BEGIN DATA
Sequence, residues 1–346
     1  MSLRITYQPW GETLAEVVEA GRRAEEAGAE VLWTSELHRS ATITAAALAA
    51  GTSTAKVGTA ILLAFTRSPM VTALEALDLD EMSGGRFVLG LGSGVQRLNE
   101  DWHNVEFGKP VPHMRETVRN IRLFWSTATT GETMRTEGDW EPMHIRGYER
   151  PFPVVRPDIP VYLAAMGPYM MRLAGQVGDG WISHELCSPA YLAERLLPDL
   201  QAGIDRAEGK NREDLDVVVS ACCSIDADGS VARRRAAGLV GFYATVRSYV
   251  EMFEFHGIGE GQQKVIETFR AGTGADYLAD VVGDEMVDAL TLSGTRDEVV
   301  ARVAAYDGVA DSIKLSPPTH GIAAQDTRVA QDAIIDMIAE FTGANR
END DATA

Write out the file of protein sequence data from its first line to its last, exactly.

Sequence, residues 1–346
     1  MSLRITYQPW GETLAEVVEA GRRAEEAGAE VLWTSELHRS ATITAAALAA
    51  GTSTAKVGTA ILLAFTRSPM VTALEALDLD EMSGGRFVLG LGSGVQRLNE
   101  DWHNVEFGKP VPHMRETVRN IRLFWSTATT GETMRTEGDW EPMHIRGYER
   151  PFPVVRPDIP VYLAAMGPYM MRLAGQVGDG WISHELCSPA YLAERLLPDL
   201  QAGIDRAEGK NREDLDVVVS ACCSIDADGS VARRRAAGLV GFYATVRSYV
   251  EMFEFHGIGE GQQKVIETFR AGTGADYLAD VVGDEMVDAL TLSGTRDEVV
   301  ARVAAYDGVA DSIKLSPPTH GIAAQDTRVA QDAIIDMIAE FTGANR